• Search Google Scholar
    • Export Citation
  • Kummerow, C. D., 2020: Introduction to passive microwave retrieval methods. Satellite Precipitation Measurement, Vol. 1, V. Levizzani et al., Eds., Advances in Global Change Research, Vol. 67, Springer, 123140, https://doi.org/10.1007/978-3-030-24568-9_7.

    • Search Google Scholar
    • Export Citation
  • Kummerow, C. D., and L. Giglio, 1994: A passive microwave technique for estimating rainfall and vertical structure information from space. Part I: Algorithm description. J. Appl. Meteor. Climatol., 33, 318, https://doi.org/10.1175/1520-0450(1994)033<0003:APMTFE>2.0.CO;2.

    • Search Google Scholar
    • Export Citation
  • Kummerow, C. D., and Coauthors, 2001: The evolution of the Goddard profiling algorithm (GPROF) for rainfall estimation from passive microwave sensors. J. Appl. Meteor., 40, 18011820, https://doi.org/10.1175/1520-0450(2001)040%3C1801:TEOTGP%3E2.0.CO;2.

    • Search Google Scholar
    • Export Citation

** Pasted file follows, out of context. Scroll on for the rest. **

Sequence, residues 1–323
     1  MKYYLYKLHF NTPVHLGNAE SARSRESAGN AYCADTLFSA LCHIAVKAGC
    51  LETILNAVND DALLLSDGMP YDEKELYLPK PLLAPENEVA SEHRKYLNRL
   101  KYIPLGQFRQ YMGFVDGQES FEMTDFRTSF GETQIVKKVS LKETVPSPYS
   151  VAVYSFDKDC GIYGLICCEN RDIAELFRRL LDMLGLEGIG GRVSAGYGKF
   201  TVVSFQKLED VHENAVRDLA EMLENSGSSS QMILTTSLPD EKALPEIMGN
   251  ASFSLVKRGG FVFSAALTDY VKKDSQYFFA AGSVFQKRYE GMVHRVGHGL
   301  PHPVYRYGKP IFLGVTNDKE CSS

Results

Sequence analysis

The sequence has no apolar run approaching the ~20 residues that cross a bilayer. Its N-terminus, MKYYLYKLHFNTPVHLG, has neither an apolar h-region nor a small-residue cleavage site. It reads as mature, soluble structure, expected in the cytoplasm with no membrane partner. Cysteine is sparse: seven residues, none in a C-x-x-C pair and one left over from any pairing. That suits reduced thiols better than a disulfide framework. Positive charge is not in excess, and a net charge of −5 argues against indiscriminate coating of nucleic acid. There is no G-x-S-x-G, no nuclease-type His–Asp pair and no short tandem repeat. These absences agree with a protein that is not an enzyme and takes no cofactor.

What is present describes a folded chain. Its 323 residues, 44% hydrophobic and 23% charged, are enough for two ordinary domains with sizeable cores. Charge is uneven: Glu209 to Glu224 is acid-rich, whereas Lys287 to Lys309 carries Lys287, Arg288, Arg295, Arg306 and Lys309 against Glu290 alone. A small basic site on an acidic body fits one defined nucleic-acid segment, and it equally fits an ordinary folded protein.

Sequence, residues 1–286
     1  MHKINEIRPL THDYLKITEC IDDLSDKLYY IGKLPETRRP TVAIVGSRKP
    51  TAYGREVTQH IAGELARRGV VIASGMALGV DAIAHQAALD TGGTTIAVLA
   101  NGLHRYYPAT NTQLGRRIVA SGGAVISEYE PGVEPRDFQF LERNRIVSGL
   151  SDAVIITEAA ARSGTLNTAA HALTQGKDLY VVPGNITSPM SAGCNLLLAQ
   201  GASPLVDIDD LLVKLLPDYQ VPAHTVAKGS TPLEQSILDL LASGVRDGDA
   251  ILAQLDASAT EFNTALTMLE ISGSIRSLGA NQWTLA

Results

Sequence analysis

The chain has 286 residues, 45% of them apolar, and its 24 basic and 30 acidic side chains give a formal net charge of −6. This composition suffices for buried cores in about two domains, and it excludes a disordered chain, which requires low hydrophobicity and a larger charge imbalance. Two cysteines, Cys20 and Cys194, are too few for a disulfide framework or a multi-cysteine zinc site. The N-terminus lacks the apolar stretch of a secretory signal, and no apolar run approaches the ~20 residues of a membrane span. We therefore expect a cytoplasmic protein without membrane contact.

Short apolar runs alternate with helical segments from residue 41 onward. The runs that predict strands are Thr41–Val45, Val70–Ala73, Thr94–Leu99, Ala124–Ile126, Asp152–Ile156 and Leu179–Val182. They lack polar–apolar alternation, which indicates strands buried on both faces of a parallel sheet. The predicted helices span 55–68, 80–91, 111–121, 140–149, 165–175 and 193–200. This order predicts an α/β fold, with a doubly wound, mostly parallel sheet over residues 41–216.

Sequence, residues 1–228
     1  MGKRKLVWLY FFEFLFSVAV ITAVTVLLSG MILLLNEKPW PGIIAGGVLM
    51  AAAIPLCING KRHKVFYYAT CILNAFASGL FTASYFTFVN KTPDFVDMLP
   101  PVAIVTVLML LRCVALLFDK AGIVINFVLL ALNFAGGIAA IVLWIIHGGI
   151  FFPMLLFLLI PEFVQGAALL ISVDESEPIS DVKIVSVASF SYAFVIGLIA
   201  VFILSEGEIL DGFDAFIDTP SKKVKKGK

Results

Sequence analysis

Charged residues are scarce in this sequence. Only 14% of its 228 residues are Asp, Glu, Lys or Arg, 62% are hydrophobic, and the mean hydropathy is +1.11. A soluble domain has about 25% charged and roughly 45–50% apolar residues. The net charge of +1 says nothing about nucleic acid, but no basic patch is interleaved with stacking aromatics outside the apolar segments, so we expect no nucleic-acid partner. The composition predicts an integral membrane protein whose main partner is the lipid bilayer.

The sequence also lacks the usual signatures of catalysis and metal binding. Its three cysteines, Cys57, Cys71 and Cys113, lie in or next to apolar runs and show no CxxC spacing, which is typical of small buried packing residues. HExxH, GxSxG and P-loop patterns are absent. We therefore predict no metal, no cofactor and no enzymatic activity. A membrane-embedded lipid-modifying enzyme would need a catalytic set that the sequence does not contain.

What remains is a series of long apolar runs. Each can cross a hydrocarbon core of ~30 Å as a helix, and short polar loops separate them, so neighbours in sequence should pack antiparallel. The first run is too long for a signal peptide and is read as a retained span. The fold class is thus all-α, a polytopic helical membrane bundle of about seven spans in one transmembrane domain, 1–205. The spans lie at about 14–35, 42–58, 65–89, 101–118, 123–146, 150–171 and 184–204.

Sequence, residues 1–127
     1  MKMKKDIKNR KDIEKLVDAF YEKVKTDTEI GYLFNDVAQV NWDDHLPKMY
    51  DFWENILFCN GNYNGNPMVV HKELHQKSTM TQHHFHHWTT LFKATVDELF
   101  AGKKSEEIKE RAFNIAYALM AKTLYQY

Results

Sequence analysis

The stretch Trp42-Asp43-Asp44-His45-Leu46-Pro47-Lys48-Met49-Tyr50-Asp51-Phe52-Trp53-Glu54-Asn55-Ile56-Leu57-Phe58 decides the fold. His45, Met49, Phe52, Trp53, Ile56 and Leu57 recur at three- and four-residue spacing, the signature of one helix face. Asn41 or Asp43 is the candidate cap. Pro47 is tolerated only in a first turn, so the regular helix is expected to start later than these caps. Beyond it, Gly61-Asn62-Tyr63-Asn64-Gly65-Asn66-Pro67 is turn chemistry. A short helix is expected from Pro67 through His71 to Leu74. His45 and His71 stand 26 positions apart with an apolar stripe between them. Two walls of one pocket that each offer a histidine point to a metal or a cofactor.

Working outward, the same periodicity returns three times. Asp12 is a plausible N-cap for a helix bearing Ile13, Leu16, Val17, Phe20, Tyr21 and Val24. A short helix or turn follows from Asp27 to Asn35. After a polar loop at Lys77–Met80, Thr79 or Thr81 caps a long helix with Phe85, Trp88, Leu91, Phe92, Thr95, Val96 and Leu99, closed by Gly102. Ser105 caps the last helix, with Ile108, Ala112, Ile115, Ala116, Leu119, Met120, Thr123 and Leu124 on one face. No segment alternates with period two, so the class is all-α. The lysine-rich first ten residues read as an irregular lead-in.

• Nalbantis, I., 2008: Evaluation of a hydrological drought index. Eur. Water, 23, 6777.

  • National Weather Service, 2018: August/September 2017 Hurricane Harvey. NWS Service Assessment, 78 pp., https://www.weather.gov/media/publications/assessments/harvey6-18.pdf.

    • Search Google Scholar
    • Export Citation
  • Prigent, C., W. B. Rossow, and E. Matthews, 1997: Microwave land surface emissivities estimated from SSM/I observations. J. Geophys. Res., 102, 21 86721 890, https://doi.org/10.1029/97JD01360.

    • Search Google Scholar
    • Export Citation
  • Purnell, D. J., and D. J. Kirshbaum, 2018: Synoptic control over orographic precipitation distributions during the Olympics Mountains Experiment (OLYMPEX). Mon. Wea. Rev., 146, 10231044, https://doi.org/10.1175/MWR-D-17-0267.1.